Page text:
Having fished offshore since he was a young man, Le Van Thanh has always had a strong connection to the sea.
|Le Van Thanh will miss the sea if he had to live far from it. — Photo thanhnien.vn|
His boat – a small, round coracle – is almost like a friend.
Thanks to the coracle, Thanh, from Thanh Khe District in the central city of Da Nang, is able to support his family of three children.
Thanh wasn’t aware of Da Nang’s policy of reducing the use of coracles, but he has seen many local fishermen hang up their nets to find other work inland.
“I have fished since I was small and went to sea with my grandfather. If I’m far from the sea, I will miss it a lot,” he told Thanh niên (Young People) newspaper.
In July 2016, Da Nang started a project to reduce the use of fishing vessels with motors of less than 20CV by 2020. This means that the coracles and their owners had to go.
Statistics by the municipal Department of Agriculture and Rural Development (DARD) showed that after two years, the city seized 130 coracles. As many as 330 seamen received financial support to change jobs with total funds of more than VND5.4 billion (US$234,700).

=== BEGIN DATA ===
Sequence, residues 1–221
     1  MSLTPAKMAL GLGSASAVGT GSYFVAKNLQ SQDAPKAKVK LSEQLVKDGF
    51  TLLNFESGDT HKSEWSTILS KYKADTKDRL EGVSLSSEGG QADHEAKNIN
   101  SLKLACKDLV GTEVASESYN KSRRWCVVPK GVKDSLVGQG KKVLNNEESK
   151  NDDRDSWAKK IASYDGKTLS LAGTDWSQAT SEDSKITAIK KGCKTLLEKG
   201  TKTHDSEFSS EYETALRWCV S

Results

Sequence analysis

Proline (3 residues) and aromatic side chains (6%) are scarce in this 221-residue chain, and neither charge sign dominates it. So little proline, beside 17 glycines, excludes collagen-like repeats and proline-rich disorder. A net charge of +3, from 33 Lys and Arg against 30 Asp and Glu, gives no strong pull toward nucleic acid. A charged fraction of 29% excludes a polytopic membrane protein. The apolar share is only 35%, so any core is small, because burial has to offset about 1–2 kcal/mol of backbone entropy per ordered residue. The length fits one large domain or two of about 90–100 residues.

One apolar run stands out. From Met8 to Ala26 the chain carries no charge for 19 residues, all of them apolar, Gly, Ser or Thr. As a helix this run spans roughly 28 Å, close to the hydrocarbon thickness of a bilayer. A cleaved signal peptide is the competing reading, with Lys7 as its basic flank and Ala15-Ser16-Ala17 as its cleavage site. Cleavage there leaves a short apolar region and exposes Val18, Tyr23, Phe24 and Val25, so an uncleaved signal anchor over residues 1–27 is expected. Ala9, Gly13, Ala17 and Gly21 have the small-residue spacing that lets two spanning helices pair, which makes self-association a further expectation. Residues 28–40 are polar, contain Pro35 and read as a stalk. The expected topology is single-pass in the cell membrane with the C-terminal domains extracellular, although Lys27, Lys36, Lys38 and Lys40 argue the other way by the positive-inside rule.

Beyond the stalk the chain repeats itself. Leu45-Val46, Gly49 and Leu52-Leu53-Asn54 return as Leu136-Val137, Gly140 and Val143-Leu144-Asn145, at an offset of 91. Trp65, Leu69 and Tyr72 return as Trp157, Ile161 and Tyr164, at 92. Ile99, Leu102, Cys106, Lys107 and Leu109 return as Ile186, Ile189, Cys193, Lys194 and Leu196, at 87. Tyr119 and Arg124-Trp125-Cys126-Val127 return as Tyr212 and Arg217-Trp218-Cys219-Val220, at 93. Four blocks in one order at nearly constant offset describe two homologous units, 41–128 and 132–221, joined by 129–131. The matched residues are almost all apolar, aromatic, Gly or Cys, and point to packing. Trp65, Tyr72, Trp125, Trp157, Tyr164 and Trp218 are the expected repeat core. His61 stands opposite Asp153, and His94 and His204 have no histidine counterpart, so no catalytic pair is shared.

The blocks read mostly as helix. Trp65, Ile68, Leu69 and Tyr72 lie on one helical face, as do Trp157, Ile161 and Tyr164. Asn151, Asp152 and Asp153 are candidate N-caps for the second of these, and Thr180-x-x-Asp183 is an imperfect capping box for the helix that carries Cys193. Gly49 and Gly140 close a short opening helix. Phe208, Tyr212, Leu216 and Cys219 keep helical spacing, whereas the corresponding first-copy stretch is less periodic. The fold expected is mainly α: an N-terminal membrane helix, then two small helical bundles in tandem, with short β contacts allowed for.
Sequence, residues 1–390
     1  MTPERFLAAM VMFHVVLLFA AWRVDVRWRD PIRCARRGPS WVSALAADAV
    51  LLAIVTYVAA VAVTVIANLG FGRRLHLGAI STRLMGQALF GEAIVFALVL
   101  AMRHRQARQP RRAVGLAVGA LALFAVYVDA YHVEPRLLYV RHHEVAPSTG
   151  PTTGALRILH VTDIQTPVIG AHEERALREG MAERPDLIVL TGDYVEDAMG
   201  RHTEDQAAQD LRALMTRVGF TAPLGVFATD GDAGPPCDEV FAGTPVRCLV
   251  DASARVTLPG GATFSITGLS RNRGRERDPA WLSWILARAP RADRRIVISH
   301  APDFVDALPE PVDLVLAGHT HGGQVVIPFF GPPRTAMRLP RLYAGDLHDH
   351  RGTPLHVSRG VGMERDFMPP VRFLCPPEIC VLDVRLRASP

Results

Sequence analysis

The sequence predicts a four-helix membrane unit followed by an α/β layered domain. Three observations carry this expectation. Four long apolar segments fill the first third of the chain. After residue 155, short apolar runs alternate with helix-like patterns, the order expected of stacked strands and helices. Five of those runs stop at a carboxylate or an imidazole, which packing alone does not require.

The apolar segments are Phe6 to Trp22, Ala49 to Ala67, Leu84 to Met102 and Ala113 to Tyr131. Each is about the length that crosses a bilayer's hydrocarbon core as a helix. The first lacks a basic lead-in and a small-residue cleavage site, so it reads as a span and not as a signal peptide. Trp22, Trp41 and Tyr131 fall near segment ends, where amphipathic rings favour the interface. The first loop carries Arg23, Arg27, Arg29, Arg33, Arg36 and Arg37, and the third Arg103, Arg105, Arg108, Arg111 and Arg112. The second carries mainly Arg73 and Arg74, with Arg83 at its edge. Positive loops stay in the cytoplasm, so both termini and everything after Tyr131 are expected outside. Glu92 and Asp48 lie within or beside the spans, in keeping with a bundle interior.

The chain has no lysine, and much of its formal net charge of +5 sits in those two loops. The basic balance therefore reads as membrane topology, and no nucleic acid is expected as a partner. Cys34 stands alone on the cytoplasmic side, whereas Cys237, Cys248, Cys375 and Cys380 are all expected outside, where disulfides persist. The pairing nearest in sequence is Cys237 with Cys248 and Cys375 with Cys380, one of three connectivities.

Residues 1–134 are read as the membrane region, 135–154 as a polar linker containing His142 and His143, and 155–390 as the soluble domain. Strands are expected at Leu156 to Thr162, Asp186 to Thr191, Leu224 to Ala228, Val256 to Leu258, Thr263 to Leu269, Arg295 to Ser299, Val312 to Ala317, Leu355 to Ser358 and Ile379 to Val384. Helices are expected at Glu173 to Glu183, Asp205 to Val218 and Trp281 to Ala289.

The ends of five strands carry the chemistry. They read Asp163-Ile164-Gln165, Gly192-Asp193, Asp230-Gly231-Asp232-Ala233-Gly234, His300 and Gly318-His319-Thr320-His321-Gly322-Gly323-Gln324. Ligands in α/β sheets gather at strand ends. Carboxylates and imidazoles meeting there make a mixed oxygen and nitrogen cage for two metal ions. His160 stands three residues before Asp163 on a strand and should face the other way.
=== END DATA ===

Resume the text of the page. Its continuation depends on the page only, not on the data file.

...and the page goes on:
Despite the support, many seamen were unable to do other jobs.
Nguyen Phuc Long, 50, a resident of Thanh Khe District, said after receiving the money, many local residents stayed at home all day as they didn’t know how to do anything other than fishing.
They could not adapt to jobs on the mainland.
“I don’t want to live far from the sea. Although another job could offer me a better income, I didn’t want to change because I miss the sea,” Long told the newspaper.
Nguyen Do Tam, deputy director of the municipal DARD, said after hearing about the issues the city had temporarily halted the project to wait for new instructions from the Da Nang People’s Committee.
Da Nang authorities would consider another more effective project.
Bui Van Tieng, chairman of the Da Nang Association of Historical Sciences, said that some fishermen were unable to do other jobs as they had been working at sea for their whole lives.
“The image of coracles in coastal fishing village is a common backdrop for photos, not big ships. We should use the coracles to promote tourism,” Tieng told the newspaper.
Tieng believed developing tourism based on fishing villages, coracles and local seamen would be successful.
|Experts believe the image of coracles will make the seaside more attractive. — Photo thanhnien.vn|
Nguyen Duc Vu, head of the management board of the Son Tra Peninsula and Da Nang coast, said coracles were still used in rescue work.
Rescuers often use coracles together with modern vessels during operations.
“Every tourist is interested in the image of coracles along the seaside. In my opinion, traditional fishing villages have their own beauty,” said Vu.